By WFD Senior Election Adviser, Tanja Hollstein, and Ben Graham Jones So far, the COVID-19 pandemic has postponed no less than 64 elections. It has become clear that COVID-19 is a long-term disruptive force that the electoral world must learn to live with. Policy responses to the virus may safeguard or endanger the integrity of […]
Learning from Success: The Implementation of Election Observation Recommendations in Sub-Saharan Africa
by Susan Dodsworth and Nic Cheeseman, International Development Department, University of Birmingham
International election observers invest significant time and energy in making recommendations designed to improve the integrity and credibility of future elections. Yet observers do not always have the opportunity to monitor the implementation of their recommendations over time, nor the capacity to conduct in-depth research into why certain recommendations may be successfully implemented while others are not. With this in mind, the Westminster Foundation for Democracy (WFD) has partnered with the University of Birmingham on a new project that tracks the implementation of observers’ recommendations across five countries in sub-Saharan Africa: Ghana, Kenya, Liberia, Nigeria, and Uganda. Preliminary analysis reveals significant variation in terms of which recommendations are implemented, as well as some surprising successes – cases where, against the odds, the recommendations of international observers appear to have contributed to real and concrete improvements in electoral processes. Our initial analysis also identifies promising lines of inquiry for future research that will help to better connect international election observation with democracy assistance more broadly.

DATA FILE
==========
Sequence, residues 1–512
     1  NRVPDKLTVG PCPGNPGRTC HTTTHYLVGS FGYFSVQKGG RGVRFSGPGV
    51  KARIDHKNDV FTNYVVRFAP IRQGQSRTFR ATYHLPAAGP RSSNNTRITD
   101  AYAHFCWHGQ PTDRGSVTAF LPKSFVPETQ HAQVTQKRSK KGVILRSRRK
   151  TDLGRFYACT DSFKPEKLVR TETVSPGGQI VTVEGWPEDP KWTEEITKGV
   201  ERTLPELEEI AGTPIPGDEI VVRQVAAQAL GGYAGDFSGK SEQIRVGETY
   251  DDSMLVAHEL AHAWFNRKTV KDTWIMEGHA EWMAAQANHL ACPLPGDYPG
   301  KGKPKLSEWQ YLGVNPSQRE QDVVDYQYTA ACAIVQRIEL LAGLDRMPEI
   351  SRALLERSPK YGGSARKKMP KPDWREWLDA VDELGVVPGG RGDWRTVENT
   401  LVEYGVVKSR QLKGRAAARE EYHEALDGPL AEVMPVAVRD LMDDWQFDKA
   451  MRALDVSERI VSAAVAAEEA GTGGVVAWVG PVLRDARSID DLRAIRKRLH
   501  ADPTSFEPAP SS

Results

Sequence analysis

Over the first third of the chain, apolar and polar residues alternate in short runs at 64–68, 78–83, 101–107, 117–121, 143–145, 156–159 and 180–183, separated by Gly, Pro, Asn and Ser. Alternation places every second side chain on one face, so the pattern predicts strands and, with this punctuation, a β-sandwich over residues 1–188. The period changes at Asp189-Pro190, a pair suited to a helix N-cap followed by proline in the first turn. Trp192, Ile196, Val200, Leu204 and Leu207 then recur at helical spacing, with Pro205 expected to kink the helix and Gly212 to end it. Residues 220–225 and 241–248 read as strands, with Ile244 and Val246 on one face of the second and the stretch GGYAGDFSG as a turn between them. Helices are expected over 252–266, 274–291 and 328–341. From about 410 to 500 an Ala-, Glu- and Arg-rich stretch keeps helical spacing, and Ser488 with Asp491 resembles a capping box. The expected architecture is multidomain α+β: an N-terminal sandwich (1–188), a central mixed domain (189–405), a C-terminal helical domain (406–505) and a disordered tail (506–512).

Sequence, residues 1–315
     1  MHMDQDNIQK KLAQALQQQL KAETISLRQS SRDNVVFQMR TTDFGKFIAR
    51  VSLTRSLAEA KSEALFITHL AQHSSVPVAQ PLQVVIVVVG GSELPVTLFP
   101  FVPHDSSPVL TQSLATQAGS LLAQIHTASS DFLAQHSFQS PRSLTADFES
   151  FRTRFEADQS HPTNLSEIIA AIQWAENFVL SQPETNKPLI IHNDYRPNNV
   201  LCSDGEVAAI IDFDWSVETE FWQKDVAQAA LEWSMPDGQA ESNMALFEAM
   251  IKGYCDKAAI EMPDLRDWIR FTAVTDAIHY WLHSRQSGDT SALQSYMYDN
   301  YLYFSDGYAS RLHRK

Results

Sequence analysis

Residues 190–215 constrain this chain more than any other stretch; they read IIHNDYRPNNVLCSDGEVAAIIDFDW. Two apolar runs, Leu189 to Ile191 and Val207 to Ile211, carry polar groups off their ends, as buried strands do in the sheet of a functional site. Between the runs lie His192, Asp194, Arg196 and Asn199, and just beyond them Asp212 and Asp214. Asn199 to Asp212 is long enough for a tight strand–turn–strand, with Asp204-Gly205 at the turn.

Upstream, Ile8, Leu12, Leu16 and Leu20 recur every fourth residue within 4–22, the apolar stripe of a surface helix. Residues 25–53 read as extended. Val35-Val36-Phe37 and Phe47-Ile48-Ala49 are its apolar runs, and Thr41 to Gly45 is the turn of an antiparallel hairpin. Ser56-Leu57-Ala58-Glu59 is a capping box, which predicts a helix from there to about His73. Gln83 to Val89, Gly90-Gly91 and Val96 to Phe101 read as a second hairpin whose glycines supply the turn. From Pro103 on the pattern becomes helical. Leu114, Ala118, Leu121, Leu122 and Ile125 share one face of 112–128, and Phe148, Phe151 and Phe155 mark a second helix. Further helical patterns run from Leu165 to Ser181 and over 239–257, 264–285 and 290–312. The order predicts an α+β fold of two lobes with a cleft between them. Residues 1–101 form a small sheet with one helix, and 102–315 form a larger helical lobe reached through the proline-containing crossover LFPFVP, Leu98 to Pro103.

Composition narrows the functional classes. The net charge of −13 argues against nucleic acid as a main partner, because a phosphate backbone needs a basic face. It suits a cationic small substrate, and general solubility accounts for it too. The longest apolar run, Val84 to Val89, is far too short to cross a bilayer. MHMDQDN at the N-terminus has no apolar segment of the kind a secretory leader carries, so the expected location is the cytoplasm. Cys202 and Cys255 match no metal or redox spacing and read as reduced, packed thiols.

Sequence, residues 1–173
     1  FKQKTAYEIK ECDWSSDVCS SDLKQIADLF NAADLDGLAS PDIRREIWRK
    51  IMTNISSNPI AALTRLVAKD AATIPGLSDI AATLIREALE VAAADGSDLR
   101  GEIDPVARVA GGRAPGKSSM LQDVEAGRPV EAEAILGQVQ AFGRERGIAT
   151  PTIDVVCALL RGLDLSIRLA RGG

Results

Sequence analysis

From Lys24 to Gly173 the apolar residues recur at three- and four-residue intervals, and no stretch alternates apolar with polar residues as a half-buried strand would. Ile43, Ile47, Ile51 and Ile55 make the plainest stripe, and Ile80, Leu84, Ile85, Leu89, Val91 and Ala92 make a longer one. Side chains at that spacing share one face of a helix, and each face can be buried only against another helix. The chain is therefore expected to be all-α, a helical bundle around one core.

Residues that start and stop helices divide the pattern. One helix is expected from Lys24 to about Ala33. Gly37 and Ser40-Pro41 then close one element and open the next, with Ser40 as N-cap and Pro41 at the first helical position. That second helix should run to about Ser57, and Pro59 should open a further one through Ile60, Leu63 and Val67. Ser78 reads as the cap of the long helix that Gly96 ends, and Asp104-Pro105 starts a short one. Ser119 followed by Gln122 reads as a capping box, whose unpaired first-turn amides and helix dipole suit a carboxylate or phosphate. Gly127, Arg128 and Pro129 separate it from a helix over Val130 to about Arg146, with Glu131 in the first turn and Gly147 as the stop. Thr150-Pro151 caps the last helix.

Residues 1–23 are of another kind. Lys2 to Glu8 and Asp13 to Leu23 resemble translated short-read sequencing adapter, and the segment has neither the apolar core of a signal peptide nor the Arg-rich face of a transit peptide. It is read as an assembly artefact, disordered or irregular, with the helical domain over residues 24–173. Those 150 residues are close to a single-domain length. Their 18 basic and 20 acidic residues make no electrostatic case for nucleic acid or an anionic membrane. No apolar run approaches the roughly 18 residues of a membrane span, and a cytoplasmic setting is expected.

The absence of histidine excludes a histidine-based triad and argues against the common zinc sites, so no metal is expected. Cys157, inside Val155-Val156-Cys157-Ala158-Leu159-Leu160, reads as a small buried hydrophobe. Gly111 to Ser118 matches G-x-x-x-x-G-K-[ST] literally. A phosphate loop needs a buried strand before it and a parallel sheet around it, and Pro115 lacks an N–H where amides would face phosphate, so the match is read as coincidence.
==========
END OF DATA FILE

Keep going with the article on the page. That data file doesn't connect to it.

by Devin O’Shaughnessy, WFD’s Director of Programmes The recent announcement by Prime Minister Boris Johnson of plans to merge the Department for International Development (DFID) and the Foreign and Commonwealth Office (FCO) into the Foreign, Commonwealth and Development Office (FCDO) will undoubtedly impact the UK’s approach to development assistance for many years to come. Despite […]
There’s no ‘right’ way to adapt elections to COVID-19 – but there is a right way to make those decisions
As governments decide to postpone elections or alter electoral processes because of COVID-19, it is crucial that they have a transparent debate about doing so. Importantly, they must consult key stakeholders or public trust in the electoral processes can be severely damaged and democracy weakened.